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If you have a child who is diagnosed to have autism, it is only natural for you to do everything you can to be able to see him improve or be alleviated from the symptoms that he is always suffering from. This will include getting him into a specialized diet. Experts have formulated many diets specific for children and adolescents with autism, but one that is particularly more popular is the gluten-free, casein-free diet or the GFCG diet.

Autism And Its Link To Gluten And Casein
According to Vicki Kobliner, a dietitian at Holcare Nutrition and also a consultant for GFCF.com, the diet comprises of a series of trials that involve the removal of casein and gluten and the assessment of these trials in connection with autism. These two proteins are among the substances that autistic children have been known to be very sensitive to. Thus, eliminating them from their diets will most probably benefit them.

Additionally, she says that gluten and casein are hard for these children to digest, which may be the reason why they are prone to more stomach and other digestive problems. What’s worse is that Kobliner believes the components of these two proteins are similar to morphine, and if it passes through the blood and goes to the brain.

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Research Outcomes
Although a lot of parents have vouched on the efficacy of the GFCF diet, there are only a few research outcomes so far, and researchers are still currently working on corroborating the parents’ testimonials.

One clinical study published in the Pediatrics Journal concluded that there needs to be more evidence needed to officially state the benefits of the GFCG diet in children with autism. Another study consisting of two small trials also looked into the effects the diet has on autistic children, and one study found that it did decrease the children’s autistic characteristics while the other study failed to do so. Researchers hope to unravel more benefits that the diet can offer to children with autism.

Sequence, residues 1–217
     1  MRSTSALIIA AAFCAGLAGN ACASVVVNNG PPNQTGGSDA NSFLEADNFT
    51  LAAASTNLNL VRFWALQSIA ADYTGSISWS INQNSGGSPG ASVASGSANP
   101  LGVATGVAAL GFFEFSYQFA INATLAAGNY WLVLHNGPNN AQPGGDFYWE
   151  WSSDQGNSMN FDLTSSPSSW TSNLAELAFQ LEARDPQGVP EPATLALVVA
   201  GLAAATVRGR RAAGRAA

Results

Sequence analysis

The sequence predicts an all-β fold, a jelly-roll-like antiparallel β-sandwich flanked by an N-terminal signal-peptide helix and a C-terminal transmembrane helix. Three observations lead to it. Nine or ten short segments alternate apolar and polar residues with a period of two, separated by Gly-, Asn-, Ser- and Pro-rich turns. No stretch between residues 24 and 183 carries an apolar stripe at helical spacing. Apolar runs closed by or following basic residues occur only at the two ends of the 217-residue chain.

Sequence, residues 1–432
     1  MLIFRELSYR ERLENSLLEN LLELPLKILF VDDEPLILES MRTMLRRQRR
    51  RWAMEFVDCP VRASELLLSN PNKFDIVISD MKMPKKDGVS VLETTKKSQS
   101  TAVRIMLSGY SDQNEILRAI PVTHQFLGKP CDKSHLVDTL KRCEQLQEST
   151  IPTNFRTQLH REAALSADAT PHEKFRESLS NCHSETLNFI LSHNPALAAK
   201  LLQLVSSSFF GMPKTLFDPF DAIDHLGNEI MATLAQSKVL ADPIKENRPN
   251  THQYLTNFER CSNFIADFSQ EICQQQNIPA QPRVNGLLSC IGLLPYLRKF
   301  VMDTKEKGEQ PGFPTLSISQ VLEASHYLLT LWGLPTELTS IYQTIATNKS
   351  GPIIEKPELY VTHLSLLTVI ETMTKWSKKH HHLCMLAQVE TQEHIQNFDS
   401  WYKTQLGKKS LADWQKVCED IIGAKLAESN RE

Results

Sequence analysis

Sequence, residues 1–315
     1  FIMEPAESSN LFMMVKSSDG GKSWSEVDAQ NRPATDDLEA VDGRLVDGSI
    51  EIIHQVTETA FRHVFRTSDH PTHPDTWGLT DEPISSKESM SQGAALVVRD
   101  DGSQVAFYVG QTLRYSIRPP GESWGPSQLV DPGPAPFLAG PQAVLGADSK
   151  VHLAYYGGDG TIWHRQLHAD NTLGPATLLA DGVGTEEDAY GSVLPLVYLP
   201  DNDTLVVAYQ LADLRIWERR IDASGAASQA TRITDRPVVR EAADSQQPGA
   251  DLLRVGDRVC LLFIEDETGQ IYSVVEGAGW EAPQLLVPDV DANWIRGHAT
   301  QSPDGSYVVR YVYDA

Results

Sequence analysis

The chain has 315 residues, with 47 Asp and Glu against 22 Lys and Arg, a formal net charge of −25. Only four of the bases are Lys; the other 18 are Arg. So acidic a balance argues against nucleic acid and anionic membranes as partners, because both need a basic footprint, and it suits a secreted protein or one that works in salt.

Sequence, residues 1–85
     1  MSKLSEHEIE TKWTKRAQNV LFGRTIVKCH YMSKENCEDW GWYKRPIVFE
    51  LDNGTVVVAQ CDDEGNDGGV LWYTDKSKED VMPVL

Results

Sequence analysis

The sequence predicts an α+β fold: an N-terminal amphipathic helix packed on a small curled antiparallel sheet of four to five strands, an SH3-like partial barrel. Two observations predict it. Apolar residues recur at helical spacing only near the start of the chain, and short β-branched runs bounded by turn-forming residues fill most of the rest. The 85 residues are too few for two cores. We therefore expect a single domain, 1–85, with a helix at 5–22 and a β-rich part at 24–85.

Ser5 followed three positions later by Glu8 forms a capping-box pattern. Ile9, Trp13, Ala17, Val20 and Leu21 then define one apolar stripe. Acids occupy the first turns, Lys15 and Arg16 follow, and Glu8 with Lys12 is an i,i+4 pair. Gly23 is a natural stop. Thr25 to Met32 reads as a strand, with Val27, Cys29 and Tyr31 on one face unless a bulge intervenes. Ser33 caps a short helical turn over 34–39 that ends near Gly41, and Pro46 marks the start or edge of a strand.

Testing The GFCG Diet
If you want to try implementing the diet to your child, then you must remove all foods that contain gluten and casein for at least six months. Here are some things to remember when trying out the GFCF diet.
• Work With A Dietitian. This is an important initial step, as some children who are into the diet can lack specific nutrients and may cause them to constipate. Consult a dietitian to ensure that your child’s diet is well balanced.
• Do A Gradual Transition. Do not eliminate foods that contain gluten and casein all at one time, as this may cause major changes in the child’s body and may even become more harmful than beneficial. Replace one food with a GFCF food at a time, perhaps for a few days, and then make it two.
• Learn To Check Labels. When you go grocery shopping, make it a habit to read the labels at the back of the products that you buy. Choose those without gluten and casein, although anticipate that the prices would be much higher.
• Always Be Ready With A Plan. You know you should watch what your child eats, but you also want him to be able to enjoy activities like parties and school events. So if he’s attending one, bring along food from the GFCF diet that your child can eat in case there aren’t any available in the event.

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Doing the GFCF diet appropriately may just prove trying it to be worth your time and effort. It may be what your child needs to make him feel healthy and at his best.